The K-means clustering process begins with partitioning input data into k sets by means of a given definite method. The centroid for each of the k sets of data is then determined and the algorithm repeated by the association of each point of data to its nearest centroid. A new center is then established. This process is iteratively done until a convergence is achieved. The convergence is reached when the centroid no longer shifts upon successive iterations. It is important to note that the algorithm is extremely fast. Therefore, it is advisable to run the algorithm repeatedly for quite some time. This will ensure that the best clustering is achieved.
Xie, Lu, Mei, Du, and Man (2016) describe canopy clustering as an algorithm intended to combine the use of other algorithms that would rather be impractical when subjected to a direct use. While using this technique, cheap distance matric is applied to partition the data into overlapping canopies. After this, the data is sorted into clusters using other clustering algorithms such as K-means. Generally, canopy clustering provides a rapid and accurate optimal solution through its divide -conquer approach. However, this approach is only applicable when the data set is large with significant time and space complexities, rendering the application of other algorithms such as K-clustering impossible.
Greedy agglomerative clustering is used when merging any two clusters with great similarities. The merging process is repeated until the required number of clusters is attained. Notably, the first step in agglomerative clustering is to merge the objects into clusters. The resulting clusters are then merged on the basis of distance measure. Below is an example that illustrates the agglomerative clustering process.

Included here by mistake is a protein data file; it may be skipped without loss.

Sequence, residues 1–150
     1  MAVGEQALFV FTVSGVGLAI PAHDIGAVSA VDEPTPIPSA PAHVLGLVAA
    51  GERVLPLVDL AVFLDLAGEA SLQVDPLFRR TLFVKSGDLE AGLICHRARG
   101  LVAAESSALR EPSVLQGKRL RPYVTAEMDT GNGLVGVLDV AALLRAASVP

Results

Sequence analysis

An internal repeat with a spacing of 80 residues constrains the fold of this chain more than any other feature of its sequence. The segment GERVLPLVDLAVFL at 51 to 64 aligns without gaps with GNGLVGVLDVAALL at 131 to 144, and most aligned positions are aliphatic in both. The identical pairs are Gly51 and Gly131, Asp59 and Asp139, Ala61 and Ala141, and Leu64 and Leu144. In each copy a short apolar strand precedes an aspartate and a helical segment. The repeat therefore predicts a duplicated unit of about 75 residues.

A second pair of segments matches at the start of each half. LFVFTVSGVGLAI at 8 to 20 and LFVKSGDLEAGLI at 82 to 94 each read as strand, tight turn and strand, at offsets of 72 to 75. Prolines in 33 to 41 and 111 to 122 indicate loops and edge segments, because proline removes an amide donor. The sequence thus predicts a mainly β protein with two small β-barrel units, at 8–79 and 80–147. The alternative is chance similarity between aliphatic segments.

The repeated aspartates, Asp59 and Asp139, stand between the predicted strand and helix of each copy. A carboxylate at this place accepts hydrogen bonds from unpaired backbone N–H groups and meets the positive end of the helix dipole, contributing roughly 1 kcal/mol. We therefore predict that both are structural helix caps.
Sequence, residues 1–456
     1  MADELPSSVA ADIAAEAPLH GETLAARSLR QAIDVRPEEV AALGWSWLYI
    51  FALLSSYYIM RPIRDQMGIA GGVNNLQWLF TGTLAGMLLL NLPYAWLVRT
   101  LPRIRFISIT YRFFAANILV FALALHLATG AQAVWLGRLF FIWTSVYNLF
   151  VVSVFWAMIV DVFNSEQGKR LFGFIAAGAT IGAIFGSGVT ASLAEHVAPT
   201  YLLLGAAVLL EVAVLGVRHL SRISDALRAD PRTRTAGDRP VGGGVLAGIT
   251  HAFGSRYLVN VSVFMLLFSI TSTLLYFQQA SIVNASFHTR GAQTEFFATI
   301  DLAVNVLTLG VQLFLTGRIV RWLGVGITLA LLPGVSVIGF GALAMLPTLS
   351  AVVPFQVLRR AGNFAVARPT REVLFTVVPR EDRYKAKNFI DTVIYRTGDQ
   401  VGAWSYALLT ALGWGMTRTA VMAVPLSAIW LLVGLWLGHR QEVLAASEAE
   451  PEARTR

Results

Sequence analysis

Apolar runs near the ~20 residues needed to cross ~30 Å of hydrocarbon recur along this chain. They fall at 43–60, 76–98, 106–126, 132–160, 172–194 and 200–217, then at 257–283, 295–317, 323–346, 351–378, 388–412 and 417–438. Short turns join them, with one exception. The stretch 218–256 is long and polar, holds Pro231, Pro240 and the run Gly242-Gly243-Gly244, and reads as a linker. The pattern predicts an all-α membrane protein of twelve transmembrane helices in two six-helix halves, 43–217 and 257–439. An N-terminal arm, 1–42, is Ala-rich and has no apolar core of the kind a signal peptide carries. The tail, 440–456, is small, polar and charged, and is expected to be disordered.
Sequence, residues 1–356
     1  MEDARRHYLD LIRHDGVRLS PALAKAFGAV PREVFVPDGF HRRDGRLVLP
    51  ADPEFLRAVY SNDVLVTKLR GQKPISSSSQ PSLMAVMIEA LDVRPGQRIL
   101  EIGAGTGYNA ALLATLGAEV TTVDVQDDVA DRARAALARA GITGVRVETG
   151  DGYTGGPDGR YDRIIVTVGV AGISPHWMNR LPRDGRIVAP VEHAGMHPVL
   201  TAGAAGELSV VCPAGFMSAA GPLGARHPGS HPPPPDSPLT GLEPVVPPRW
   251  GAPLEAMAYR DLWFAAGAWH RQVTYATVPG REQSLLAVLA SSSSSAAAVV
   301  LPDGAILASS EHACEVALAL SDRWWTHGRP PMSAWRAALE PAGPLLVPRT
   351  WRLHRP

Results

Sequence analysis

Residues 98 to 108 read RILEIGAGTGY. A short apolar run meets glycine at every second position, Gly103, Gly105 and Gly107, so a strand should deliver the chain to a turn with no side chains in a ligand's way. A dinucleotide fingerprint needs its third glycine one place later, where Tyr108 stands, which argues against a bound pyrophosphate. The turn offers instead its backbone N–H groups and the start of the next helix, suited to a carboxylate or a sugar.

Figure 1 showing Greedy Agglomerative clustering process
Expectation-maximum (EM) is a clustering technique that is used to estimate the value of an unknown quantity using known values of some correlated quantities. EM has a better convergence property and therefore is preferred over K-means. The first step in EM clustering process is initializing the parameters for distribution. This process is repeated until a convergence point is reached. The process is divided into the E-Step and the M-Step. E-step involves estimating the expected value of the unknown variable while the M-Step covers the re-estimation of the distribution parameter based on the estimated value.
Thus, MapReduce uses the above four clustering algorithms to achieve data clustering. Notably, each algorithm executes the clustering process following some distinct steps in order to achieve a specific objective. The choice of the clustering algorithm to be used in a MapReduce depends on the requirements and the nature of the data.
Application of Data Clustering and MapReduce